A pooch that lived in Newgrange, Ireland, some 4,800 years ago has become a canine Rosetta Stone for researchers seeking to reconstruct the timeline of dog domestication. According to new research published in the journal Science, the animal's especially well-preserved inner ear bone enabled scientists to sequence and publish its complete genome, which is a first for ancient dog specimens.

When the specimen was compared against DNA samples from 605 modern dogs and wolves, a tale of two doggy cities emerged. The study's authors, led by University of Oxford evolutionary geneticist Laurent Frantz, discovered that there is a deep genetic divide between East Asian and Western European ancient dog populations. This comprehensive new family tree suggests that dogs were independently domesticated in two locations from distinct wolf populations separated by thousands of miles.

"What we have now is what we believe to be the first evidence, both genetically and archaeologically, that dogs were domesticated two times," said Greger Larson, an Oxford evolutionary biologist and co-author on the study, in a video about the results.

Though there is little doubt that the bond between dogs and humans predates all other domestication efforts, there has been longstanding debate over the exact origins of this productive and adorable partnership. Archaeological evidence suggests that dogs emerged as early as 16,000 years ago in Western Europe, and around 14,000 years ago in China, and that most dogs today are descendents of the latter East Asian branch.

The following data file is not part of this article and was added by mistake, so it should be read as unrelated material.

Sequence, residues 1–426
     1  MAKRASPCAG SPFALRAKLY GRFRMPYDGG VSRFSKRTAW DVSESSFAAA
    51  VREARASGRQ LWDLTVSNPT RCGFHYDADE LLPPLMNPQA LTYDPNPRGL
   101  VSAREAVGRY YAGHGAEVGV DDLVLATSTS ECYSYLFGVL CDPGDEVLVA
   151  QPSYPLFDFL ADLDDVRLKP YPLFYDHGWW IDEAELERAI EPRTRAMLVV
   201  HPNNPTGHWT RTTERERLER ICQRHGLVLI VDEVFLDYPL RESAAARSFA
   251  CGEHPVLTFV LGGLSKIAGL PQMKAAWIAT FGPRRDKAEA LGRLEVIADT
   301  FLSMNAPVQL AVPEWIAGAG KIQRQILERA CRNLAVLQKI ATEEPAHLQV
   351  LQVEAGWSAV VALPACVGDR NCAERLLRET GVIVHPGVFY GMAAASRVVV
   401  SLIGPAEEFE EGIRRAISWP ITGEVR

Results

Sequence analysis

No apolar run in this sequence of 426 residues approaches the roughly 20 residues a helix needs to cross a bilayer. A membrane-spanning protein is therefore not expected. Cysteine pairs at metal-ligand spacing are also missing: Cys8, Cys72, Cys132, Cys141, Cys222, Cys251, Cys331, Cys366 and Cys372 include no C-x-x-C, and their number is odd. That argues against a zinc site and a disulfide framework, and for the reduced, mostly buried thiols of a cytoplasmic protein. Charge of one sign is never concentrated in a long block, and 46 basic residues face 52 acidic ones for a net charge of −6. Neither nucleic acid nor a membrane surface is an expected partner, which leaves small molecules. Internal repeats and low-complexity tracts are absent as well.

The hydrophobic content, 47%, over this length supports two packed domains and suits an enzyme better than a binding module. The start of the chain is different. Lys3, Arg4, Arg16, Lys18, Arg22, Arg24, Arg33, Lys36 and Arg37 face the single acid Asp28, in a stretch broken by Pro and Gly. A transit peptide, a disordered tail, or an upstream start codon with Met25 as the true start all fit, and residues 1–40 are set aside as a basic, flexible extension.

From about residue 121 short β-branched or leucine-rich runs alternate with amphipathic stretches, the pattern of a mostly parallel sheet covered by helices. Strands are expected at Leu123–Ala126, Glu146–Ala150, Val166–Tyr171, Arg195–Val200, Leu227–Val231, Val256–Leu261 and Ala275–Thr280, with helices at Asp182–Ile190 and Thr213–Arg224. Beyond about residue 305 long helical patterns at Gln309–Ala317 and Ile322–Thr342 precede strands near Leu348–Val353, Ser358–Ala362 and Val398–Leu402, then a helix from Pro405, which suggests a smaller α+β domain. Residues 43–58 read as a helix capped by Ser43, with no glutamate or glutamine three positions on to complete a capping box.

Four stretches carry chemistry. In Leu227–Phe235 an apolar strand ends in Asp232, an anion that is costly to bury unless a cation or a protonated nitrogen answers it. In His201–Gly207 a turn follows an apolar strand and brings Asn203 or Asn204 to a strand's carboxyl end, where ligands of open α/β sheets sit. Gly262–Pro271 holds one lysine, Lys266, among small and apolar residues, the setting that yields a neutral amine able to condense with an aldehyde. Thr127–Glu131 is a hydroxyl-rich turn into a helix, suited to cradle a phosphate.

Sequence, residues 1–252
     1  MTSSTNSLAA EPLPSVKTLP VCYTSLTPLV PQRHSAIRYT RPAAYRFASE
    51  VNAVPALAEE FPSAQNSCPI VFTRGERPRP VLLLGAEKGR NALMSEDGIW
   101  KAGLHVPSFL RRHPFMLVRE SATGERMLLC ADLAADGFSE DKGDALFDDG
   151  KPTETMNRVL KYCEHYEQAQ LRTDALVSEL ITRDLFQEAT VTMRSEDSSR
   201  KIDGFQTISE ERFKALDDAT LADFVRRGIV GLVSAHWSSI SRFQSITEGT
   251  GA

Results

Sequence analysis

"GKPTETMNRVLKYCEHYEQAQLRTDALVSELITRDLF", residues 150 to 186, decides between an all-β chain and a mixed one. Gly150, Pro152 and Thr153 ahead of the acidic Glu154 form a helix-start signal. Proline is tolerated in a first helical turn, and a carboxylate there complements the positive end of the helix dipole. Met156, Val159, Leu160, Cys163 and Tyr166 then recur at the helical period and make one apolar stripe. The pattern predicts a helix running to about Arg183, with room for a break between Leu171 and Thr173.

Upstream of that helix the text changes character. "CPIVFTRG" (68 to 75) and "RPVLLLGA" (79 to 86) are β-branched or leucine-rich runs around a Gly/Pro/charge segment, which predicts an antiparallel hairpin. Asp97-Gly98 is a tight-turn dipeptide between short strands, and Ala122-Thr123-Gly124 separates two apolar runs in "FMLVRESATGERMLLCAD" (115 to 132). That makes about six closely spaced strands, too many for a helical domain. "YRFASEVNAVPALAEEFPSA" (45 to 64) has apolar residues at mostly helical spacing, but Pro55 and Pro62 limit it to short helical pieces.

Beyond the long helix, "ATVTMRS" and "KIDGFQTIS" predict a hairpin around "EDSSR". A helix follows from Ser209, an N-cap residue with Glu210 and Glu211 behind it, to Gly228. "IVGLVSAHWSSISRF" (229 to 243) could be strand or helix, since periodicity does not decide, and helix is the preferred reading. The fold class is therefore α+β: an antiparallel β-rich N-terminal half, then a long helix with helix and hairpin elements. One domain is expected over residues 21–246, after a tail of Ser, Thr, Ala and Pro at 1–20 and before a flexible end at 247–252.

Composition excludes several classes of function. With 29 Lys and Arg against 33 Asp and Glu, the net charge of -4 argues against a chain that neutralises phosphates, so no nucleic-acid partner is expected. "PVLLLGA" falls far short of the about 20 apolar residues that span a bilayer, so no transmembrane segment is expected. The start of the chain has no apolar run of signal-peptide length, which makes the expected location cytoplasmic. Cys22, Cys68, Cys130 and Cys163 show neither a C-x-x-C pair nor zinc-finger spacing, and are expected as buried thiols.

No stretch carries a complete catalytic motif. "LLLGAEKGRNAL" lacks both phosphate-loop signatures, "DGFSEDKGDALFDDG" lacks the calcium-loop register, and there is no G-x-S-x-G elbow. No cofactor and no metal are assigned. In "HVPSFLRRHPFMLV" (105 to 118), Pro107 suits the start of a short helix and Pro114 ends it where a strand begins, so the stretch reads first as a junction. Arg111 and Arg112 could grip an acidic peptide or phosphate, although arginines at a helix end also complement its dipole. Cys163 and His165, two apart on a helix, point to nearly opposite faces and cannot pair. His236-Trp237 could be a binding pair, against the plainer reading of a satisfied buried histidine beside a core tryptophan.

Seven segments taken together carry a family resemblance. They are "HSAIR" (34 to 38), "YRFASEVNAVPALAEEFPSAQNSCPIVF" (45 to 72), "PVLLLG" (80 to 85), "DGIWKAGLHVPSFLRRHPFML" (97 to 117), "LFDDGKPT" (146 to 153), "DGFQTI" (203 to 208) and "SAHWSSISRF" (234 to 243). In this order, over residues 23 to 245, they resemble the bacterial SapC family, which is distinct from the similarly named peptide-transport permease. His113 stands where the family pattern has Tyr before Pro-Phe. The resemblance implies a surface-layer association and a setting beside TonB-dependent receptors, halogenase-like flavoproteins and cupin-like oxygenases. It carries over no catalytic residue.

The relationships between these populations is still unclear, but with the help of the Bronze Age Newgrange dog's genome, Frantz's team has shown that they likely did not significantly intermingle until many millennia after their unique domestications. At some point between 14,000 to 6,400 years ago, the East Asian population migrated west and assumed genetic dominance across Eurasia, possibly aided by a bottleneck in the European population.

This effectively wiped out the genetic legacy of the western dogs, though some modern breeds, like huskies and Greenland sledge dogs, have mixed heritage from both groups.

The research is far from conclusive, and work is already being done to create even larger genomic analyses to corroborate these findings. But it would be fascinating to discover that creating loyal companions like dogs out of fierce predators like wolves was not a one-time-only brainwave, but rather an idea that might have emerged naturally in places where the two species closely co-habited.

Of course, regardless of what future studies say about their complicated history, our canine sidekicks are undoubtedly the best, and they deserve lots of treats, walks, and belly rubs because they have been good dogs.